As IT environments become more complex with cloud applications and enterprises expanding the number of their branch locations, the need for a better network solution becomes clear. Enterprises need better visibility and the ability to configure and troubleshoot from headquarters. The answer for many enterprises is software-defined wide area networking (SD-WAN).
SD-WAN provides a number of solutions to the challenges of an overly complex network infrastructure. Centralized management, troubleshooting, and configuration, along with the ability to optimize pathways for different types of network traffic are just two of the benefits that come with SD-WAN.
Enterprises deploying SD-WAN anticipate these benefits, but the increasing use of the technology, as well as an explosion of vendors offering the solution, mean there are some common misconceptions that become intermingled with the true deliverables of the network. Take a look at a few of the most prevalent misconceptions:
Application performance is improved by forward error correction (FEC). FEC is a tool that makes data more reliable when it is encoded in a redundant method. While this does protect against dropped packets, it doesn’t improve performance. In fact, because FEC causes data traffic to increase, it can negatively impact performance. It’s important to note that performance and reliability are not interchangeable terms.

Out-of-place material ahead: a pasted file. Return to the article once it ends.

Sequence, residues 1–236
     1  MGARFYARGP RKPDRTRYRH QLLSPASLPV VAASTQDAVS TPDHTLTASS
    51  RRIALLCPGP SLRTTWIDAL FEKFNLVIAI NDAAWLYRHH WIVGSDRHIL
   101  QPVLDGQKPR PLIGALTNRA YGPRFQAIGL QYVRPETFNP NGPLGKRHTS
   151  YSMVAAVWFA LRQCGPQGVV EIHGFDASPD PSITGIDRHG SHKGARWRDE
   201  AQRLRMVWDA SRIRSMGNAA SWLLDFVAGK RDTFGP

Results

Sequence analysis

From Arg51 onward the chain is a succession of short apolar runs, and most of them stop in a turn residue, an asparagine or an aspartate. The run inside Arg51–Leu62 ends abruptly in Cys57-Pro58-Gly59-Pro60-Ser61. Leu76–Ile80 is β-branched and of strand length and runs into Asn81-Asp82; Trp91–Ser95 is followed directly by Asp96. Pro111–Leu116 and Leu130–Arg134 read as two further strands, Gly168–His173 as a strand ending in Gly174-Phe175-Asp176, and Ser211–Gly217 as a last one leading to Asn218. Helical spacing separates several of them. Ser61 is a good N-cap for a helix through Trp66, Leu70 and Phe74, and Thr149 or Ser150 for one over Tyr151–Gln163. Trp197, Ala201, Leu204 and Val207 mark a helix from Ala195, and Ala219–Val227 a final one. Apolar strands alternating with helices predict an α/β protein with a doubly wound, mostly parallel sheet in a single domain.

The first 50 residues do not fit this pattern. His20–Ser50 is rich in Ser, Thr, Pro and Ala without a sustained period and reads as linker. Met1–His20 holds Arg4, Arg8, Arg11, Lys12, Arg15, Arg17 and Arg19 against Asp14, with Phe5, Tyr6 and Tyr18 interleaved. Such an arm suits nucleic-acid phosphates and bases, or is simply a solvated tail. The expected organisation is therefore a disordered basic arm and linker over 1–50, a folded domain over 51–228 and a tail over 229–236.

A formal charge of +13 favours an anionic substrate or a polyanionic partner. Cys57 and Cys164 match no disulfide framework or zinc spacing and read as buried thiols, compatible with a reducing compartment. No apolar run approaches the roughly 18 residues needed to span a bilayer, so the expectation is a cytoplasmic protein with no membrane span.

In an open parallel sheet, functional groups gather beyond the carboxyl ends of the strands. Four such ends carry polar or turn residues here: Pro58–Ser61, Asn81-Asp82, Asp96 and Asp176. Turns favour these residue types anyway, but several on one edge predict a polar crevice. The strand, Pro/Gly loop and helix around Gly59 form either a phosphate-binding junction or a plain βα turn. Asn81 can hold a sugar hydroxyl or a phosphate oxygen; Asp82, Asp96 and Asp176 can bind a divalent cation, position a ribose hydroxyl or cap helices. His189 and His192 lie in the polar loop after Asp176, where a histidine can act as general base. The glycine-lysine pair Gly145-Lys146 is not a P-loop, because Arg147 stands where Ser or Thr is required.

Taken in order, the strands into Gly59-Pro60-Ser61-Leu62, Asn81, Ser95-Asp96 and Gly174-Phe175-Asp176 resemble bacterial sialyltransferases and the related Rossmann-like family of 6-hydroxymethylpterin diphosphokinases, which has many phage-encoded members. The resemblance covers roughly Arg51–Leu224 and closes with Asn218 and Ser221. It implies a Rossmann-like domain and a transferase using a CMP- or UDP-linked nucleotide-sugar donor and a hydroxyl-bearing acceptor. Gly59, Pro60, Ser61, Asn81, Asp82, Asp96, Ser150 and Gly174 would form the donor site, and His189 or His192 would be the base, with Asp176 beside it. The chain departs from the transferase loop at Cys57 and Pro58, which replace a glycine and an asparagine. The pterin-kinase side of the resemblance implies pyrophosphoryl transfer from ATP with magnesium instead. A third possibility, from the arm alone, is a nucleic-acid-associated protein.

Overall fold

Quality of Service (QoS) and dynamic path selection are the same thing.Dynamic path selection is about choosing the right path for each type of network transmission. This is the decision to transmit video over multi-protocol label switching (MPLS) versus directing an email over broadband. QoS, by contrast, is about the reservation of bandwidth for better control over mission-critical transmissions. Dynamic path selection and QoS are related, but not the same.
SD-WAN always leads to cost reduction, specifically around MPLS. Reducing the cost of the network shouldn’t be the primary motivation for switching to SD-WAN, because the savings are often negligible. If an enterprise completely replaces MPLS, this might be possible, but in many cases, enterprises retain MPLS use for critical transmissions and add in more options for other types of traffic. The increased demand on the network due to data flowing from both cloud applications and Internet of Things (IoT) devices means that overall traffic increases. It may be better to measure savings in terms of the potential growth of the networking budget as it becomes more complex.
QoS isn’t necessary because it naturally happens with prioritization. Prioritizing network traffic isn’t the same as a focused strategy that prioritizes performance. It’s important for network plans to include objectives related to performance, reliability and availability, all executed within a QoS plan.
Learn more about the true benefits of SD-WAN and what it can do for organizations with an increasingly complex network environment. Contact us at Truth Comm for more information.